We built a ‘receiver’ and mounted the bird houses on the receiver and installed them in place.  For good measure we put a snow gage below them so we could measure the snow in the winter.

I think they came out pretty good…. we enjoyed designing and building them… and they are fun to look at it.  You know… I think we are finally starting to retire.

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Retaining Wall

So if you have been following me and my blog, you are probably aware that this blog is one of three blogs I try to keep up with.  I have my foodie blog, krittersmenu.com; and my photo blog, kritterspix.com.  Maybe you follow just one or all three.

This blog, kritterspaw.com, is my general blog.  It is more travel and project centric.  Having said that, I haven’t posted a lot of projects lately.  So if you’re following, you’re probably wondering what happened after that massive pizza oven project.  Well, don’t despair, we haven’t hung up our hammer or power tools.

When we first built our cabin in the woods 5 years ago, we designed and built a bridge to literally ‘bridge the gap’ to our house.  You can see that video here.

While the bridge incorporates several safeties to assure there are no ‘surprises’, we have found that the ledge of the moot is crumbling and eroding with the weather shifts.  Thus, we have embarked on securing the wall.  Admittedly there are many different ways to approach this problem statement, and we debated many of them.  What we decided on was a rebar and wire mesh lined with landscaping cloth, anchored on the stable land, and filled with rock.

wire walli.JPG This re-bar wall winds around the solid land dirt crumbling wall.  In all it’s over 60′ long.  The re-bar is in; the wire mesh, and landscaping cloth all installed.  It is drilled and anchored to solid ground, and now awaiting to be filled with 25 ton of crushed red granite. blk cloth2i.JPG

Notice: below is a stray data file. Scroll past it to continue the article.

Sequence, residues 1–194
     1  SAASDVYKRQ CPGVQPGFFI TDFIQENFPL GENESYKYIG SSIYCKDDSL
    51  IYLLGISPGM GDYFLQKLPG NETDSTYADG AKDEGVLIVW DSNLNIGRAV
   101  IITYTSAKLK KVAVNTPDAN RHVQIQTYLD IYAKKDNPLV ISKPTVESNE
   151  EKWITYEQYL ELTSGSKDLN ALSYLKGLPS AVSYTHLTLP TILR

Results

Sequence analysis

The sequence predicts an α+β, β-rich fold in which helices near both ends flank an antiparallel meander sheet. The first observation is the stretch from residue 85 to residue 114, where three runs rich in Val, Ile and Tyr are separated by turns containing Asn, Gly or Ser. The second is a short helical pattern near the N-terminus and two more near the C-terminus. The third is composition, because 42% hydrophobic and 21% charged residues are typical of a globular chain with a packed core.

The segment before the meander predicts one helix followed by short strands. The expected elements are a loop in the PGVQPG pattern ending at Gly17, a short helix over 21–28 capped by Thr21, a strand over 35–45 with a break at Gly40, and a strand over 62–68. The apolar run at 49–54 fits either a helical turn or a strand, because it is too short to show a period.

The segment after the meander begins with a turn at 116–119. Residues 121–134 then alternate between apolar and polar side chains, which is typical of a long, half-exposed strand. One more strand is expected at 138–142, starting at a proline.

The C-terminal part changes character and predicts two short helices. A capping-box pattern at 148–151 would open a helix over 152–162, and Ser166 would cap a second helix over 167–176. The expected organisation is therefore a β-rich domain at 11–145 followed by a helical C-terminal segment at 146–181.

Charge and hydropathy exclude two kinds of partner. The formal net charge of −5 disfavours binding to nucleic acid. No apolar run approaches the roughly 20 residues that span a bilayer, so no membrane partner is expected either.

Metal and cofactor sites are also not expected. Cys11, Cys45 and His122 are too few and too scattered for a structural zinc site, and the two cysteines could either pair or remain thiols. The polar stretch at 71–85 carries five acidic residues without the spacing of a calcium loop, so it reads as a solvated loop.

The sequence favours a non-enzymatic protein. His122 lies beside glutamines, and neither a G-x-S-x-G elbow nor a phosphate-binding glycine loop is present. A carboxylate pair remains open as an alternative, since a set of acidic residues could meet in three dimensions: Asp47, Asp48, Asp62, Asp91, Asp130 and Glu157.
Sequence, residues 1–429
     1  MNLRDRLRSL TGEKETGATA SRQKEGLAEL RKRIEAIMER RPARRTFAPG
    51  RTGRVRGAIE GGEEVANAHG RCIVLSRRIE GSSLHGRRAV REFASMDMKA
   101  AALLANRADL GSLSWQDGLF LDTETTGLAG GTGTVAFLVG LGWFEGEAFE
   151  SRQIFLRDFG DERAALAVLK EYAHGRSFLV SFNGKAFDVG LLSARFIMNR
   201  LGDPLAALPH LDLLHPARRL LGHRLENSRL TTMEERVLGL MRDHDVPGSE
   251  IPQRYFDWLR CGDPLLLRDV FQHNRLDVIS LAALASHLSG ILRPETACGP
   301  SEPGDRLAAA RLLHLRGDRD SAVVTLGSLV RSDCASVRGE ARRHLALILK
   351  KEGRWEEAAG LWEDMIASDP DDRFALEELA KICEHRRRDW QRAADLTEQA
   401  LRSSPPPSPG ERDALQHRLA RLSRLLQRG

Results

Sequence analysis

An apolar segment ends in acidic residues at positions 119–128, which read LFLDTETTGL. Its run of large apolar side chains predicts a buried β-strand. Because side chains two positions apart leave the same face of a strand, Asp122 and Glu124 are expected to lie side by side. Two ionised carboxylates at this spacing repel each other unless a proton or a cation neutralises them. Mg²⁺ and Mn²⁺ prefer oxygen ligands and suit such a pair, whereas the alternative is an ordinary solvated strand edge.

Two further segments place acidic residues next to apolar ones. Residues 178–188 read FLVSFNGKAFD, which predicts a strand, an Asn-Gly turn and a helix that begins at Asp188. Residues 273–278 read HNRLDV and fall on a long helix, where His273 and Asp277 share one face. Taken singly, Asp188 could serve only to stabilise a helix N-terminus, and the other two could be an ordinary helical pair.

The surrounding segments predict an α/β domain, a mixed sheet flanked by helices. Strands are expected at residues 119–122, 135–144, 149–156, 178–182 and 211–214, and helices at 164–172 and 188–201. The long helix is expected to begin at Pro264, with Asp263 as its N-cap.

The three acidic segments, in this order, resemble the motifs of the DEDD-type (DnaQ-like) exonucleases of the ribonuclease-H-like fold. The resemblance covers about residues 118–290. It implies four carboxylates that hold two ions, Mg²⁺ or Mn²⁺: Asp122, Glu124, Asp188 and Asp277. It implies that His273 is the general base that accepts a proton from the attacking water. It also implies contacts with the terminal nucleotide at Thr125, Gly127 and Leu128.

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Believe me… pictures don’t do it justice.

Next up, we will plasma cut metal animals to ornamentally grace the wall.

 

 

Salt Cellars

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As we continue to finish up the pizza oven exterior (currently working on the pizza oven doors), we shift our attention to the ‘accompaniments’ to the pizza oven.  Not only will be have to develop custom drawers and ‘tool rack’, we’ll have to develop the tools themselves (pizza peel, brush, etc.) and a system to break them down for storage.  Alas, we are not quite there yet.

But we did find time to make salt cellars for the salt, crushed red pepper, and oregano condiments that will accompany the pizzas once they are finally coming out of the oven.

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We made several… out of red heart cedar… and spruce.  They’ll make great details for our custom pizza oven.  I’m ready to make pizza… too bad our pizza oven isn’t.

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More Gourds

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I had some lingering gourds sitting on the bench that needed to be worked so that the bench could be cleared for the next project — shelving units for my office.

So I sharpened the pencil, heated up the wood burner and got to work.

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I wanted to do designs that were colorful and different.  I wanted them to be fun and professional looking.  I also wanted to take better photos of the finished projects.  What I have learned in taking photos of them, is I have a lot to learn about studio lighting.

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My photographer friend, Maureen, turned me on to LimoStudio Lighting, http://www.amazon.com/dp/B009F37LW8/ref=pe_385040_30332190_pe_175190_21431760_3p_M3T1_ST1_dp_1 .  For under $40 I got a tripod and soft box lighting.  Using it is another talent altogether… one that I still need to work out the kinks with, (though I am improving).

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I do like the way they came out.  The colors and designs are original, fun, and professional… just as I had hoped.  Time to put the gourds away and move on.